Take the 2-minute tour ×
The Great Outdoors Stack Exchange is a question and answer site for people who love outdoor activities, excursions, and outdoorsmanship. It's 100% free, no registration required.

Our dog loves winter sports - but after a few miles on the trails in soft snow, he often develops snowballs between his paw pads - usually one big one right in the middle.

Are there ways to minimize / prevent this from happening? I have heard really bad snow buildup can lead to raw / bleeding paw pads.

share|improve this question
add comment

2 Answers

well there are many ways to prevent this, the easyiest way would be to trim the hair between the paws. You can also buy dog-sock to put on the dog, the best way if you have seen dogs running with dogsleds. And if you really dont whant to do eighter of thoose options, you can buy paw-grease or paw-vox like "ice on ice". Hope this will help.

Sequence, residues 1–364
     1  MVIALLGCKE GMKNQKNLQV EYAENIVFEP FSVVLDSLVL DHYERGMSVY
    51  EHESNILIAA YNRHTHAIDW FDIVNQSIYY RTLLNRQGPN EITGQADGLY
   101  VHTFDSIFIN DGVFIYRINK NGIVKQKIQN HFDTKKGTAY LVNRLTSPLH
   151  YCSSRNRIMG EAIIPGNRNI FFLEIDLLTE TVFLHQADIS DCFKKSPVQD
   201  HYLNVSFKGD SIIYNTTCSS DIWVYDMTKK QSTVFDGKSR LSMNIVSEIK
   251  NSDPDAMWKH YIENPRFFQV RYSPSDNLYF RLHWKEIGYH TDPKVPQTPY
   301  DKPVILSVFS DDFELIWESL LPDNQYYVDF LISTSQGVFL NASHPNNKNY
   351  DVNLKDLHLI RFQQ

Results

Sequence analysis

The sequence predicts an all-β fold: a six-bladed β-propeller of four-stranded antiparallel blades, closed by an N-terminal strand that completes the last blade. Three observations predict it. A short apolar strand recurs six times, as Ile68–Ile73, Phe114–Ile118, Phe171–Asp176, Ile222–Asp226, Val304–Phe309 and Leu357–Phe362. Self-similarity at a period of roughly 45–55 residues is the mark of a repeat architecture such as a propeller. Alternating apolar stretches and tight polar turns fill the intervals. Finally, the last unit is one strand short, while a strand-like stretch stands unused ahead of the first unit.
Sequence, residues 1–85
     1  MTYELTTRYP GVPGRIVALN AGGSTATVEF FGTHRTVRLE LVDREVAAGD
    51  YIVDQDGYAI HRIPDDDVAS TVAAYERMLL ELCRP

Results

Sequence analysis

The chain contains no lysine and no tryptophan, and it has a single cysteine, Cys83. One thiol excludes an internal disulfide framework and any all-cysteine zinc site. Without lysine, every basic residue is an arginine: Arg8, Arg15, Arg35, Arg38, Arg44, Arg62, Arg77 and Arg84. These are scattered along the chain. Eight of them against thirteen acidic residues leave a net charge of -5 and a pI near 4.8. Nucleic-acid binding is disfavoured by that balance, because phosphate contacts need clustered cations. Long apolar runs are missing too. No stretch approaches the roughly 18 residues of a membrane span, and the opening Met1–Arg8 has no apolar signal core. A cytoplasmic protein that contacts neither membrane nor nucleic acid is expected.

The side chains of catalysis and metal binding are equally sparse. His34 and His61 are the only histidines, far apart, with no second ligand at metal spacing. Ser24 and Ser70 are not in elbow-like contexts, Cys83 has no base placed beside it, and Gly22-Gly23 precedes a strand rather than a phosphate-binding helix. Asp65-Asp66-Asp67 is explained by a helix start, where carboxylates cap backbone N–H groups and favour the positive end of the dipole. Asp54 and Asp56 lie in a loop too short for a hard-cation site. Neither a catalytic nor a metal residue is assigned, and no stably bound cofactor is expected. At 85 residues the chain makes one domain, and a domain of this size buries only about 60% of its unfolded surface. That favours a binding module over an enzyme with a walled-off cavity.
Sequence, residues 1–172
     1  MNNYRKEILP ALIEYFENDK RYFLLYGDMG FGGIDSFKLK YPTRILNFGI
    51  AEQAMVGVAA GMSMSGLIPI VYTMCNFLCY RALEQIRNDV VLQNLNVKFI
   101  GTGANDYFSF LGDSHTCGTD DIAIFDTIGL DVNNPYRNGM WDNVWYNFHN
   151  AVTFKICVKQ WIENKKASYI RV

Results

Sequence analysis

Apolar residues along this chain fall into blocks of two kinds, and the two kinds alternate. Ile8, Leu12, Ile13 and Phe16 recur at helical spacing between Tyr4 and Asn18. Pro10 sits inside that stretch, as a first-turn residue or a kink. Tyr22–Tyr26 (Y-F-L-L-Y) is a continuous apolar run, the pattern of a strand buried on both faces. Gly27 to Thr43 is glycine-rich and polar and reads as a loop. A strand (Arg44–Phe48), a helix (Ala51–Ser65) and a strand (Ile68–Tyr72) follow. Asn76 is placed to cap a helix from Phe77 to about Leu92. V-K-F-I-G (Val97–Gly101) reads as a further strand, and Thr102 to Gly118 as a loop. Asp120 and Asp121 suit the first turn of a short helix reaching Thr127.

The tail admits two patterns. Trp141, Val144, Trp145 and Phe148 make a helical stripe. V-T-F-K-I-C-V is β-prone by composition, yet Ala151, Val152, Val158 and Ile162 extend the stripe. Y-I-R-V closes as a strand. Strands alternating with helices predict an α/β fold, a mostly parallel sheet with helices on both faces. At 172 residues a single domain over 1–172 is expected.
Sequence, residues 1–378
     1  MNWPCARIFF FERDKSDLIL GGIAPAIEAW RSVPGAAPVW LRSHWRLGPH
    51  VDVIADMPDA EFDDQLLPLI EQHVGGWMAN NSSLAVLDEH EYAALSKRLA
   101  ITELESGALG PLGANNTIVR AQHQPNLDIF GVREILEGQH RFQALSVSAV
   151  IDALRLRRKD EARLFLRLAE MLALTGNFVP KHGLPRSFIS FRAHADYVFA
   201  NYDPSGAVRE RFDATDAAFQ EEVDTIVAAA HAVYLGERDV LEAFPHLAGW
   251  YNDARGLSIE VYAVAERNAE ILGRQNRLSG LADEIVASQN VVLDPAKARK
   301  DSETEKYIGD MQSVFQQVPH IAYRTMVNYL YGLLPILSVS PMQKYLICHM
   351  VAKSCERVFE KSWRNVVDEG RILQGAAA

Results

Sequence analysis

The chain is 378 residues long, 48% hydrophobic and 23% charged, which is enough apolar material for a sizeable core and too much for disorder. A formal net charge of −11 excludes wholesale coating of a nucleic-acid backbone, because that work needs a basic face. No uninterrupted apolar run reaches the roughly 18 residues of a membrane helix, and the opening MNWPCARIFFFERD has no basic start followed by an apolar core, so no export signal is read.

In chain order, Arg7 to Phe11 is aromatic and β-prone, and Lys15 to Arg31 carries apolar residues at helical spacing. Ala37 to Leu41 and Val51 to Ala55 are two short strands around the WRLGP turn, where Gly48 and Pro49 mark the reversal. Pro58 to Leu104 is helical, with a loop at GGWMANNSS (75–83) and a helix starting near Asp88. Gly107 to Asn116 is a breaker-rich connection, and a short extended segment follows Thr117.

share|improve this answer
add comment

Lots of mushers will 'candle their dogs'. Use a candle and pass it quickly over the bottom of the paw. The flame singes the hairs between the toes and is harmless to the dog. Practice on your arm hairs to get the speed right. Much faster than trimming.

Most dogs hate socks and will chew them off as soon as they can.

share|improve this answer
    
Interesting - 2 years of mushing and I never heard of this technique. But that's why I asked here. Though seems risky. Anyone second this method? (And Welcome) –  LBell Mar 26 '13 at 20:28
    
I think I saw this in a booklet "How to train Lead Dogs -- My Way" Only place I've seen it sold is was in the add section of a musher's magazine. I never tried it. When the dogs wanted to stop and chew out their ice balls, I'd let them. I found that in training they would chew out enough hair that it wasn't a big issue. But I wasn't racing. I was running 2 week expeditions into the shield. –  Sherwood Botsford Mar 28 '13 at 3:03
add comment

Your Answer

 
discard

By posting your answer, you agree to the privacy policy and terms of service.

Not the answer you're looking for? Browse other questions tagged or ask your own question.